By a Broadmead Resident
Geologist Dennis Coskren gave Broadmead residents a fast-paced tour of a slow-moving process: the geological history of Maryland, which goes back 1.2 billion years. The state sits on the North American Plate, one of a number of plates which float on the Earth's crust. Their movement produces continental drift, explained by plate tectonics.
Colliding continents formed "super continents". Pangea formed the Appalachians, then broke apart. An earlier supercontinent was Rodinia, formed when South America came north. A billion years ago, all the continents formed one supercontinent, a phenomenon which has occurred several times. An interesting sidenote is that plate tectonics shows that if the east coast of North America were put against the British Isles, the Appalachians would continue there.
The talk was illustrated by an impressive collection of rocks of varied sizes. Coskren showed a piece of Baltimore gneiss, ametamorphic rock formed by collision zones of continents that formed Rodinia. Catoctin greenstone, which shows the breaking up of Rodinia, is a basalt formed from volcanic islands smashing into the coast, forming the Appalachians. He showed an example of greenstone basalt. The formation and breaking up of Rodinia and Pangea can beseen in a microcosm between Hagerstown and Frederick. As the plates moved, loose, sandy material alternated with limestone deposition, each signifying a collision. Displayed was a piece of rock from Sideling Hill in Washington County, near Hancock, which formed this way. An asteroid hit 35.5 million years ago to form the Chesapeake Bay.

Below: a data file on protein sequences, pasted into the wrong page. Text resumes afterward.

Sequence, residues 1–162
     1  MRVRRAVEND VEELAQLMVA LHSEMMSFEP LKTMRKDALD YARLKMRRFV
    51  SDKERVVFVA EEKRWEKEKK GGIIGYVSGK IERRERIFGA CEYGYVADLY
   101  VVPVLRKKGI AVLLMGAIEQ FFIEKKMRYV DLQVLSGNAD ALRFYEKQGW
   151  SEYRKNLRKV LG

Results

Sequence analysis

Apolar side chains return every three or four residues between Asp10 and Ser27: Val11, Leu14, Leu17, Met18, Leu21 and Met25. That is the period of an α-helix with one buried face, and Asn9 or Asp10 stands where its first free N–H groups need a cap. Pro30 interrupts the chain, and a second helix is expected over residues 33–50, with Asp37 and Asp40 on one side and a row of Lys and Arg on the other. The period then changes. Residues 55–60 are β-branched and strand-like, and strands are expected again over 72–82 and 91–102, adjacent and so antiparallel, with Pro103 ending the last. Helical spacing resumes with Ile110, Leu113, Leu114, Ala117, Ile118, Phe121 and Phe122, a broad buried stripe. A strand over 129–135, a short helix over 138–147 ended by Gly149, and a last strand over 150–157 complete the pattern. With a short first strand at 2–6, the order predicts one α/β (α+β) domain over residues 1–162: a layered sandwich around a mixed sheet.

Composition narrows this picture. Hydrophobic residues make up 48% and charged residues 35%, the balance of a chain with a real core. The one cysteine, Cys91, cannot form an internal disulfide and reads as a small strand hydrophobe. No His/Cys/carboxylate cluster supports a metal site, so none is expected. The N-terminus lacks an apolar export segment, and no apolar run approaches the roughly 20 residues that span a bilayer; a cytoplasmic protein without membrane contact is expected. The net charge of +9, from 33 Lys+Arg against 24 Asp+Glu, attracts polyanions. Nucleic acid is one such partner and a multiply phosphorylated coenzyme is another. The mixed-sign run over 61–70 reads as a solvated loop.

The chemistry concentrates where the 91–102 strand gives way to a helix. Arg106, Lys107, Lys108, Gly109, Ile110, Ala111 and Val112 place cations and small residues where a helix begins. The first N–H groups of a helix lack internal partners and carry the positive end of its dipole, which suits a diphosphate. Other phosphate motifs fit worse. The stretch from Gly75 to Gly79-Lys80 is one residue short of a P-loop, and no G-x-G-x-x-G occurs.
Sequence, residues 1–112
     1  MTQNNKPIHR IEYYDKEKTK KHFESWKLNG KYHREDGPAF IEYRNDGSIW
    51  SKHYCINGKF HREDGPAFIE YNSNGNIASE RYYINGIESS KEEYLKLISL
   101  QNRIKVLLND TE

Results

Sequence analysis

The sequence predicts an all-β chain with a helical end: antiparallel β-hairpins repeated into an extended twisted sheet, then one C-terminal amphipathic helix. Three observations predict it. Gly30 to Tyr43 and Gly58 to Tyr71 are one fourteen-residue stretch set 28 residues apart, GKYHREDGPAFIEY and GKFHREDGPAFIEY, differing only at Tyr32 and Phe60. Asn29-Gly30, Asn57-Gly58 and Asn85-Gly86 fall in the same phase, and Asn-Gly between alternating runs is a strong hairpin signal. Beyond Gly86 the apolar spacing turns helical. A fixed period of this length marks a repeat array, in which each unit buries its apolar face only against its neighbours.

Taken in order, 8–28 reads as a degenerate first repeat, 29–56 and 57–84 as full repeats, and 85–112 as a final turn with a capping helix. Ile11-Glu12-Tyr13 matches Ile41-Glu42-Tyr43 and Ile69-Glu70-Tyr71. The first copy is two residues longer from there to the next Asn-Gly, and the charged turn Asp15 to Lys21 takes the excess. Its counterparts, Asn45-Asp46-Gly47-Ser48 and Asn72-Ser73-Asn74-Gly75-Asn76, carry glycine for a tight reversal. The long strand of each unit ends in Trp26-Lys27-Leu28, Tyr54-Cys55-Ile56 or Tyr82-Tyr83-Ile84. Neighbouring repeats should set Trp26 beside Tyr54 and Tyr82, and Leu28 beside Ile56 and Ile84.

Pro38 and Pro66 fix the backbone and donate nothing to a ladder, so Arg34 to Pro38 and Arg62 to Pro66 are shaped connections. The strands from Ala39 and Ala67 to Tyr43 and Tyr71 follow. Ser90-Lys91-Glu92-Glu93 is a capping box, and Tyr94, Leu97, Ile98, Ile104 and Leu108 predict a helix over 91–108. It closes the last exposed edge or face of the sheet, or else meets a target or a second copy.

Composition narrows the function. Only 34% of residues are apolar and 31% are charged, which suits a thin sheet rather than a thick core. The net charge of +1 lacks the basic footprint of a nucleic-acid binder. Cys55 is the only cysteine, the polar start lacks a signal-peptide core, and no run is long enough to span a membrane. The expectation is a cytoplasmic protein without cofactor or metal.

Following a few questions, some of the audience examined the rocks.